Migrant remittances are a lifeline for families, and a force for development

15 Oct 2015 by Ben Slay, Senior Economist and Mihail Peleah, Programme Specialist in Green Economy and Employment

A worker in TajikistanRelative to GDP, remittances flowing into Tajikistan are among the largest in the world. Photo: Mashid Mohadjerin
With an influx of refugees and migrants making headlines in Europe and politicians around the world debating the merits of immigration, it’s important to take a step back and consider the development impact migration has for both sending countries and host nations. International labour migration has become a key driver of development around the world. One way migration impacts development is through the accompanying remittances, the money sent by migrant workers (and diasporas) to relatives back home. … Read more

As glacial lakes flood, the effect can be devastating

13 Oct 2015 by Rajeev Issar, Policy Specialist, Disaster & Climate Risk Governance, UNDP

glacier lakeTsho Rolpa Glacial Lake in Gaurishankar VDC, Dolakha district, Nepal. Photo: Deepak KC/UNDP Nepal
In this blog series, UNDP experts and practitioners share their perspective on issues of climate change, in the lead up to COP21 climate conference in December. Golf, yes. But GLOF? What is that? The increasingly apparent impacts of climate change have introduced this new term—an abbreviation for “glacial lake outburst flood”—to the world’s vocabulary. When glaciers melt, they sometimes form lakes on mountaintops. The water in these glacial lakes accumulates behind loose “dams” made of ice, sand, pebbles and ice residue. But these dams are inherently unstable and avalanches, falling boulders, earthquakes, or even simply the accumulation of too much water can unleash sudden, potentially disastrous floods in nearby communities. … Read more

MDGs: Perspectives from the Pacific Region

13 Oct 2015 by Patrick Tuimaleali’ifano, Poverty Analyst, UNDP Fiji Multi-country Office

women in FijiWomen in Korociri, Fiji participate in the Food Security and Livelihoods Development project. Fiji achieved four of the seven MDG goals, and many of the targets towards the remaining three goals. Photo: Tomoko Kashiwazaki /UNDP.
In the Pacific, progress towards achievement of the Millenium Development Goals (MDGs) has been uneven. Only two Pacific countries have achieved all the MDGs targets, three countries least half, and the rest of the countries achieving less than half. The majority of Pacific countries have managed to reduce the numbers of child mortality under five years and increase the number of children accessing primary level education. However, many Pacific Countries are off track or stagnant in halving the population living under the poverty line, improving the economic and political empowerment of women, combating non-communicable diseases (NCDs), and ensuring environmental sustainability. … Read more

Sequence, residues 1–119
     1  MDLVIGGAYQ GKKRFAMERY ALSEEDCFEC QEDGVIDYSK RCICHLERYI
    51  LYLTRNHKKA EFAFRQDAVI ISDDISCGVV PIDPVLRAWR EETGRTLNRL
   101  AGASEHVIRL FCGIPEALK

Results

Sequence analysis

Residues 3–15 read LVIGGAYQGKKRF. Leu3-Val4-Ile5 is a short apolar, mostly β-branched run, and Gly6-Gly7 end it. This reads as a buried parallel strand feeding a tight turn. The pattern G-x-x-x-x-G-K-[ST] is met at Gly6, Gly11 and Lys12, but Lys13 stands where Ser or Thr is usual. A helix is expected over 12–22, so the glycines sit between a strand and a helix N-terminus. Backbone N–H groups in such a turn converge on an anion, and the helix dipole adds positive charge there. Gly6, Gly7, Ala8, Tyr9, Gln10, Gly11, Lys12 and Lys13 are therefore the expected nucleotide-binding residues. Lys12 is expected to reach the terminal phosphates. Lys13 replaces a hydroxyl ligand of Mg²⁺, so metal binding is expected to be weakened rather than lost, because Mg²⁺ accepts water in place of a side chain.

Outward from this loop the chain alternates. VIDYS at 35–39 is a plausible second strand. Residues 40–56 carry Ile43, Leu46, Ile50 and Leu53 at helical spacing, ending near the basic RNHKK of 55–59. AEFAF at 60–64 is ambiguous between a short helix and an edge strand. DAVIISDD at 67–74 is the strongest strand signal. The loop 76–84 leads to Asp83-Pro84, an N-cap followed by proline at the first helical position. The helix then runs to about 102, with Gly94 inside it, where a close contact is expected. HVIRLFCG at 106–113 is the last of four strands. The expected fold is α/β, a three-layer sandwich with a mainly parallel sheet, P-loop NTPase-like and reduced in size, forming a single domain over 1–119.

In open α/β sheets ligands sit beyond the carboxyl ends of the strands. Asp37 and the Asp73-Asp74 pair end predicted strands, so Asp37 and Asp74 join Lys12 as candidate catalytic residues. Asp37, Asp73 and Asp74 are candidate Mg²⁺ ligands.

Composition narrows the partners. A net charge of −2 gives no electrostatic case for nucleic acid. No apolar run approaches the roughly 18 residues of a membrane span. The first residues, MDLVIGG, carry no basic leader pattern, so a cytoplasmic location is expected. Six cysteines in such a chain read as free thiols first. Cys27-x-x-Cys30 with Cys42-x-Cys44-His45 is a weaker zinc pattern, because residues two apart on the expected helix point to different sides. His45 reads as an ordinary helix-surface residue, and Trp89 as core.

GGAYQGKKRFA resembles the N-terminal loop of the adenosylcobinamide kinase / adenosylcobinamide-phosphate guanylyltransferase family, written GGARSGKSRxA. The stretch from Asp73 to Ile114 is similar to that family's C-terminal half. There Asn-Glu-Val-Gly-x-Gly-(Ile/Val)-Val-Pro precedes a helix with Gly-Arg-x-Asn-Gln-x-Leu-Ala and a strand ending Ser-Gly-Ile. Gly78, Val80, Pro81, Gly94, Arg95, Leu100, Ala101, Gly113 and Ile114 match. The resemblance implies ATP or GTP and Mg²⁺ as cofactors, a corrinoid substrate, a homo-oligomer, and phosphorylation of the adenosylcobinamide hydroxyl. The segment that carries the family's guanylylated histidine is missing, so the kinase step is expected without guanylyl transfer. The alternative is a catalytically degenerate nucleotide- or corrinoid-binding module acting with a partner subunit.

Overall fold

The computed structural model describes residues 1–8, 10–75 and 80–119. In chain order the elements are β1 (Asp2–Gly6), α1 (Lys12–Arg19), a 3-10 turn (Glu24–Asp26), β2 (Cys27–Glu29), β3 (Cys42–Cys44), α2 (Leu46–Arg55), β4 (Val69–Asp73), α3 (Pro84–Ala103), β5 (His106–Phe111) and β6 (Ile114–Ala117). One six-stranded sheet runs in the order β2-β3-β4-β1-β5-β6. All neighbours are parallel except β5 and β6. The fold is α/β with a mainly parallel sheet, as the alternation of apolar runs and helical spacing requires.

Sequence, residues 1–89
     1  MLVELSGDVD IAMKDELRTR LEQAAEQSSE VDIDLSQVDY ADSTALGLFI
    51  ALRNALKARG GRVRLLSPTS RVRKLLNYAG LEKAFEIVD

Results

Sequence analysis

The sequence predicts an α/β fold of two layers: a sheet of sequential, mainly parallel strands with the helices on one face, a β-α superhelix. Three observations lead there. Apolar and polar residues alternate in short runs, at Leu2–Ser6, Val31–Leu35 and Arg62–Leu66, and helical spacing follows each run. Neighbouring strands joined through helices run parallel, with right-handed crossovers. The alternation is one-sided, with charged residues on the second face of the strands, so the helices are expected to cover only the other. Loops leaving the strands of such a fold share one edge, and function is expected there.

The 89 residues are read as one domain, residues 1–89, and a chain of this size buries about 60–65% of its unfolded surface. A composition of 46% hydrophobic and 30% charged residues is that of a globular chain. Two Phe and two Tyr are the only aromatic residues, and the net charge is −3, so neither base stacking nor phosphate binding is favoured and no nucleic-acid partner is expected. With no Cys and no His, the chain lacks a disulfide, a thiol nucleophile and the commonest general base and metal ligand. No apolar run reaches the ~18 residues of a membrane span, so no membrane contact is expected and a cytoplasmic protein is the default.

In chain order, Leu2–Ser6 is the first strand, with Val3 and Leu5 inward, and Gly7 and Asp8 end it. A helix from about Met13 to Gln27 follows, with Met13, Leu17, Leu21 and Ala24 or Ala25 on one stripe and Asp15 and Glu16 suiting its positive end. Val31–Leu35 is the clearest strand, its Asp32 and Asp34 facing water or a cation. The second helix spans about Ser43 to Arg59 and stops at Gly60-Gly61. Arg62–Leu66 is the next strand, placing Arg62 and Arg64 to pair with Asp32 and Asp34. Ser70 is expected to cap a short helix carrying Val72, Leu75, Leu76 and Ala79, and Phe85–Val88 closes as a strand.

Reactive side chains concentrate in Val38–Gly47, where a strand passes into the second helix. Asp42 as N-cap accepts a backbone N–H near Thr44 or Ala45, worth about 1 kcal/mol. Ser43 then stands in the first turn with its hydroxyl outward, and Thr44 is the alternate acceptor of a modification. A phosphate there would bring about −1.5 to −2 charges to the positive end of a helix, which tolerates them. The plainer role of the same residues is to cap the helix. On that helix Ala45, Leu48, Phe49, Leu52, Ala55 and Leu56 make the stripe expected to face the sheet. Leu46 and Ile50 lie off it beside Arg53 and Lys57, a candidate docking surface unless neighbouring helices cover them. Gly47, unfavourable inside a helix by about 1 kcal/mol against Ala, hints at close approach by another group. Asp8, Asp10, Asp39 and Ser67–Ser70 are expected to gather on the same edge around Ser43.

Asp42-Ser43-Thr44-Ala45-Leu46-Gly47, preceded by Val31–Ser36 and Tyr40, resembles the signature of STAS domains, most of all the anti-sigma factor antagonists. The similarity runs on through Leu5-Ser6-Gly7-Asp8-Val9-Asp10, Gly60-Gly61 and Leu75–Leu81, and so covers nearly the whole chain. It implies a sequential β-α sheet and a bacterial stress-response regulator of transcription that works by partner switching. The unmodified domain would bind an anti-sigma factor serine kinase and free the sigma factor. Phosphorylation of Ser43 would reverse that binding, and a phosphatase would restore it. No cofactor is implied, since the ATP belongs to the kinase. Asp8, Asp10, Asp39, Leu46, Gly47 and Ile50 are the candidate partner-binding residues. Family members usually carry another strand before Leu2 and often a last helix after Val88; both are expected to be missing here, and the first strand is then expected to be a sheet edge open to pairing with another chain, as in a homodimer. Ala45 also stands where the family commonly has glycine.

The road to Paris: the Macedonian case

12 Oct 2015 by Pavlina Zdraveva, Project Manager, Intended Nationally Determined Contributions, UNDP in the former Yugoslav Republic of Macedonia

macedonia gridTo help clarify the aims of the INDC, we made this interactive infographic (click to access).
In this blog series, UNDP experts and practitioners share their perspective on issues of climate change, in the lead up to COP21 in December. In preparation for the Climate Change Conference in Paris this December, all participating countries have been asked to develop and determine their own national contributions to slowing climate change. These proposed measures are referred to as “Intended Nationally Determined Contributions” (INDCs), and to date, 121 countries have submitted one. … Read more

It’s our shared responsibility to protect girls’ and women’s rights

11 Oct 2015 by Magdy Martínez-Solimán, Director, Bureau for Policy and Programme Support, UNDP

A girl carries corn in Uganda.A girl takes a computer lesson in a makeshift classroom in Borghaso village, Bamiyan province, Afghanistan. The opportunities she can access will determine her chances of enjoying quality health services, education and decent employment. Photo: UNDP Afghanistan
Today, there are 250 million girls living in poverty. Gender inequality remains the most pervasive form of inequality around the world. In many parts of the world, girls suffer from inequality, discrimination and abuse, facing threats to their security, health and welfare. The 2030 Agenda for Sustainable Development makes a pledge that “no one will be left behind”. To achieve gender equality and empower all women and girls, a specific Sustainable Development Goal (SDG) is established, with gender equality as a cross-cutting theme, and UNDP is working towards making this pledge a reality. … Read more